Nonfiction > Jacob A. Riis > The Battle with the Slum > Page 449
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Jacob A. Riis (1849–1914).  The Battle with the Slum.  1902.

Page 449
 
the door-jamb. I raised the curtain that serves for a door, and looked in. Mrs. Ben Wah was asleep upon the bed. Perched upon her shoulder was the parrot, no longer constrained by the bars of a cage, with his head tucked snugly in her neck, asleep too. So I left them, and so I like to remember them always, comrades true.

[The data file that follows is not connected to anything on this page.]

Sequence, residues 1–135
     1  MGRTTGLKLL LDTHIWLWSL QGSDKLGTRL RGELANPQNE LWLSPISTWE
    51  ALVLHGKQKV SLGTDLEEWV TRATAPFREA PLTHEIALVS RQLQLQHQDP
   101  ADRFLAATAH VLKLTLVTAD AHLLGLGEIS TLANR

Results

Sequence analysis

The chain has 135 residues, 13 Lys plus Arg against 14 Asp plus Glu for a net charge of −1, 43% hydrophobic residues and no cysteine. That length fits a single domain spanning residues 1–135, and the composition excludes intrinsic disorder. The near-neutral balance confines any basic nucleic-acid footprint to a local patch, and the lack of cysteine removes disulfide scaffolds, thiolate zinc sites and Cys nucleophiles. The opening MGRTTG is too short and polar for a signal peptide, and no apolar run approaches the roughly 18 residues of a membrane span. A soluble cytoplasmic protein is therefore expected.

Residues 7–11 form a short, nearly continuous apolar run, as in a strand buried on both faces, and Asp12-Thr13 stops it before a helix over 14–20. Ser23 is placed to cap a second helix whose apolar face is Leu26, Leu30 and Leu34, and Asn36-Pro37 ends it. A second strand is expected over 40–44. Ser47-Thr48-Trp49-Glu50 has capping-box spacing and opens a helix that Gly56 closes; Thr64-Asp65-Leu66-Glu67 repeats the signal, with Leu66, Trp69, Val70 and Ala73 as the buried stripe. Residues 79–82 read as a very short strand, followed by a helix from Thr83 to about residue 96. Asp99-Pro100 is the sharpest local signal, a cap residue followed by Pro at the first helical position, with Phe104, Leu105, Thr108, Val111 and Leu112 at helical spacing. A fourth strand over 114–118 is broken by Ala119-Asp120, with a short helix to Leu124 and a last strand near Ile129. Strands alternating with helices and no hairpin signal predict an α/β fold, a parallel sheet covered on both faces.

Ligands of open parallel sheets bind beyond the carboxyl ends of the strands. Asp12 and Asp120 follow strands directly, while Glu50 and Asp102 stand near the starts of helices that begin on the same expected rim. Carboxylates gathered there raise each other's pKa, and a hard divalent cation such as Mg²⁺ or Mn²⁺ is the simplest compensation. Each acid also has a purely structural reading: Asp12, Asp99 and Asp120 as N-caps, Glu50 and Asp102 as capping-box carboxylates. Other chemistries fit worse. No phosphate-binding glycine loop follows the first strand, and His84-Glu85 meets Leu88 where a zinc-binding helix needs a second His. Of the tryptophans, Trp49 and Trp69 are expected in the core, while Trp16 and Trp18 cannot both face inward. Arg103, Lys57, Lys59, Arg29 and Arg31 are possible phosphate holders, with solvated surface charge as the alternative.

It happened that when I was in Chicago last spring I told their story to a friend, a woman. “Oh, write it!” she said. “You must!” And when I asked why, she replied, with feminine logic: “Because it is so unnecessary. The barrel of flour doesn’t stick out all over it.”
  Now I have done as she bade me. Perhaps she was right. Women know these things best. Like my own city, they have hearts, and will understand the unnecessary story of Mrs. Ben Wah and her parrot.

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